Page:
Room VII, dedicated to the late ancient and medieval times , exhibits a series of archaeological remains related to the Hispano-Visigothic culture such as architectural fragments, altar feet, fibulae, , belt buckles , de cinturón, diversas various ceramic pieces ,an interesting set of decorated mold plates and, standing out above simpulum all of them, a bronze saucepan or simpulum whose handle presents an inscription engraved with the name of its owner, a well-known Christian invocation and two separate drawings of a crater and a chrysmon. The gold ring in which Sabina’s name appears as well as the reproduction of the Crismón de Baena or Ízcar which is one of the symbols par excellence of the city
For its part, the Muslim period is represented through a small set of coins , a capital and various ceramic pieces , among which a fragment of ataifor in green and manganese from the Caliphate period stands out.
Finally, other medieval pieces, especially ceramics, precede the space dedicated to heraldry , where a noble shield from the Almedina neighborhood is exhibited, another episcopal one that was from the old parish of San Pedro, one from Baena, found in the tower of Santiago, which presents the peculiarity of having the heads of the five Moors looking straight ahead and wearing a kind of pointed hat instead of the usual turbans and, finally, a circular wooden one that represents the arms of the third count of Cabra and that since the 16th century had occupied the keystone of the ribbed vault existing in the main chapel of the parish church of San Bartolomé.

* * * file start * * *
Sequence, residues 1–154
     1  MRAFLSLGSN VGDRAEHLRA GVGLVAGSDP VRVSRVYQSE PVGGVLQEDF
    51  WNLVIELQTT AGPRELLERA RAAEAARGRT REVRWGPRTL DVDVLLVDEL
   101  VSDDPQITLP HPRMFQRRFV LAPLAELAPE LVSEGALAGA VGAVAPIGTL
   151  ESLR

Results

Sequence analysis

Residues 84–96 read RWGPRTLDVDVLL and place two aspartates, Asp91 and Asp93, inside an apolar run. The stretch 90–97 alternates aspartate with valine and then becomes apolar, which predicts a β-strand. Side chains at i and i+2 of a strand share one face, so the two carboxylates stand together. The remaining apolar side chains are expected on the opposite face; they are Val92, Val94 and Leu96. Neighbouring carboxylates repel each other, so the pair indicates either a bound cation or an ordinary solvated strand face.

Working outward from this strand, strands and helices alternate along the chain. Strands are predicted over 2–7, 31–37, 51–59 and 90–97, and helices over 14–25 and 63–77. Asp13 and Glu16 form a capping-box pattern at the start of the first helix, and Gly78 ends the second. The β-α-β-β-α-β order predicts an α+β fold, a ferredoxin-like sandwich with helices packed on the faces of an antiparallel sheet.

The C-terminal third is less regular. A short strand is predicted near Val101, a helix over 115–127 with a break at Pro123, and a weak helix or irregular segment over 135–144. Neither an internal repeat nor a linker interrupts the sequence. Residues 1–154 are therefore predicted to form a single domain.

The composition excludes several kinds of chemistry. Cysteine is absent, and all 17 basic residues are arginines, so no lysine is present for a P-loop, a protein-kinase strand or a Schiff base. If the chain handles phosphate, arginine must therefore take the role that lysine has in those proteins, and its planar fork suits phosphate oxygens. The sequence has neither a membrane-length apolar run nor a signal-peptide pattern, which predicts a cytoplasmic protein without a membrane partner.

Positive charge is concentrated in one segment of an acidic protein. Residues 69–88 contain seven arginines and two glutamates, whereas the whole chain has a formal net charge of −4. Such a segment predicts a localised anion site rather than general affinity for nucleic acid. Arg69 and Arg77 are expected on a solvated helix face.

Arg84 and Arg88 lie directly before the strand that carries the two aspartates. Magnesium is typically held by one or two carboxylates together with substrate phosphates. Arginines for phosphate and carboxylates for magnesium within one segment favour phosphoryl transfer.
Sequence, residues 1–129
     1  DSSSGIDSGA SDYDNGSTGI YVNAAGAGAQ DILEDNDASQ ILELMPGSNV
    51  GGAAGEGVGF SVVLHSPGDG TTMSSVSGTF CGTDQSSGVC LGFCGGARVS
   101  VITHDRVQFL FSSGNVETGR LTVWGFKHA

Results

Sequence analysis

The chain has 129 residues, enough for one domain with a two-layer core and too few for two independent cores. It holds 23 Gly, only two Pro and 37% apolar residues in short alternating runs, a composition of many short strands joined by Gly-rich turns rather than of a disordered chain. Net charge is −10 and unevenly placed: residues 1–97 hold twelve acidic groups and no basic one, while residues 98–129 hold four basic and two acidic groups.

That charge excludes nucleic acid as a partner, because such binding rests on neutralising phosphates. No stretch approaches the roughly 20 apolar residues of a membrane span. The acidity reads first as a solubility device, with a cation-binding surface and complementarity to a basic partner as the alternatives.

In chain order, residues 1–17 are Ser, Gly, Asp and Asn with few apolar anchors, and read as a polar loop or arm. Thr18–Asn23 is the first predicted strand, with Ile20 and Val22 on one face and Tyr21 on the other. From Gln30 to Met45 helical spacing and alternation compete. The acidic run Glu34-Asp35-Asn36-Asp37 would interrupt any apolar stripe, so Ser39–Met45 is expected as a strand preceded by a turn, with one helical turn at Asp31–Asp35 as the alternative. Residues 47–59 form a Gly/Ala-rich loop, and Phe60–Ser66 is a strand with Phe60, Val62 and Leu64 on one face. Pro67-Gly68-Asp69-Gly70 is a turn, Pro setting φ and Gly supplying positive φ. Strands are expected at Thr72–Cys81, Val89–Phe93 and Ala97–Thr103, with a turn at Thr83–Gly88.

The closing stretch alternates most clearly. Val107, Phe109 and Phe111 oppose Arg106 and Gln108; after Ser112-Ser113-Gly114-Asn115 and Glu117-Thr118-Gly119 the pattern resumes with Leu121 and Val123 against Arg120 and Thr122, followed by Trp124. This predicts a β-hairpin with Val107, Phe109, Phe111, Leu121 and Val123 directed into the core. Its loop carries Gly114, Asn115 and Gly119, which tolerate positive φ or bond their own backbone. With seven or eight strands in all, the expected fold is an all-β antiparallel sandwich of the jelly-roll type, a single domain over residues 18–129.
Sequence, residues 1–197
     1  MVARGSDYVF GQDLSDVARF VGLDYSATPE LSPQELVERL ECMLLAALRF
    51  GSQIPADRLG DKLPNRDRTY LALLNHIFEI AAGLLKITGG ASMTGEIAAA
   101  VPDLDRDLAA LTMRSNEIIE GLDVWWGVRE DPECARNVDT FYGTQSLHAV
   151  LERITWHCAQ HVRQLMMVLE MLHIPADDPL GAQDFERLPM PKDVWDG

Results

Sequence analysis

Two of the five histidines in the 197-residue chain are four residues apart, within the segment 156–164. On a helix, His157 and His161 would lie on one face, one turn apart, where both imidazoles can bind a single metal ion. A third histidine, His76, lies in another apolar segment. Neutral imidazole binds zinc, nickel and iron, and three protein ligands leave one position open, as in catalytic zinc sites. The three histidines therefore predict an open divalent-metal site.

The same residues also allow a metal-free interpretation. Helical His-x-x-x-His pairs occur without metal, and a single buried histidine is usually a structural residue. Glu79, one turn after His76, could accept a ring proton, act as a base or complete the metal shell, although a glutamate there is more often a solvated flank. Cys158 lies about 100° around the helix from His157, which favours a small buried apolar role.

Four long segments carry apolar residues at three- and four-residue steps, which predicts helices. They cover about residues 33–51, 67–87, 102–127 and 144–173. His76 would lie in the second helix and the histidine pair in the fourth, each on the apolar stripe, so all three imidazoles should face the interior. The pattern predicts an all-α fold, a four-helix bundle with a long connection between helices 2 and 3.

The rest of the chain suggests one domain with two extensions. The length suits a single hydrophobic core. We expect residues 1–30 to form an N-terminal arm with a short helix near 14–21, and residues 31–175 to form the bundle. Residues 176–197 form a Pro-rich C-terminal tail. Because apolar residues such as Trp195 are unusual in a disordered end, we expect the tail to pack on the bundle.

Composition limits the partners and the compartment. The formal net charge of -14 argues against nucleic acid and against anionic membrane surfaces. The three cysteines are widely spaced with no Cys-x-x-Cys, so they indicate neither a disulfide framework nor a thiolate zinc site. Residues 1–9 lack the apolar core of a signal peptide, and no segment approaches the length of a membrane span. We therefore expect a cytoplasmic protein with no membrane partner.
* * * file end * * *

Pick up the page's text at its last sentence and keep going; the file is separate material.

Medieval copper jug and clay jug .
Visigoth mold plate in Room VII.
In 1901, the chance discovery of an old tomb in the Ízcar farmhouse, 12 km from Baena, brought to light one of the most important pieces of early Christian art in the Iberian Peninsula. It was a 34 by 26 cm bronze piece, dated between the 6th and 7th centuries, which was on display at the National Archaeological Museum until it was stolen on July 6, 1993. Its whereabouts are currently unknown. this chrismonit contained the letters alpha and omega (first and last of the Greek alphabet) as well as two opposed circles that symbolize the cosmos (above and below), but it lacked the X and the S, the two letters of the Holy Spirit since the concept of Trinity It does not appear until the 3rd century and it is not generalized until the 10th century, so an S would later be added to the primitive chrismones, something that would not happen with the one from Baena as it had remained buried until its discovery.
A reproduction of this piece, of great importance for the Baenenses and for their Holy Week as it is the symbol of the Association of Brotherhoods, is displayed in room VII of the Historical Museum. Also in the Marinalba square, in the Almedina neighborhood, there is another large one made by the Baena Workshop School on the occasion of the VII National Days of Exaltation of Drums and Bass Drums held in the town in 1992.